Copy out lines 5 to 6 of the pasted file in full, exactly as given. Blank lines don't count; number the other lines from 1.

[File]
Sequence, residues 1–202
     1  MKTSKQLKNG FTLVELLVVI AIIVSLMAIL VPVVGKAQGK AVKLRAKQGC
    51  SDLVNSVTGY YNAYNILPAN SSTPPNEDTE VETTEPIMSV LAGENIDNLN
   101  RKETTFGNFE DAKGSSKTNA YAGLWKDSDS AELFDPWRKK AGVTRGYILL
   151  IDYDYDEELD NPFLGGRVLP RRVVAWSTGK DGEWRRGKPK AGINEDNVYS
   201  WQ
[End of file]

   151  IDYDYDEELD NPFLGGRVLP RRVVAWSTGK DGEWRRGKPK AGINEDNVYS
   201  WQ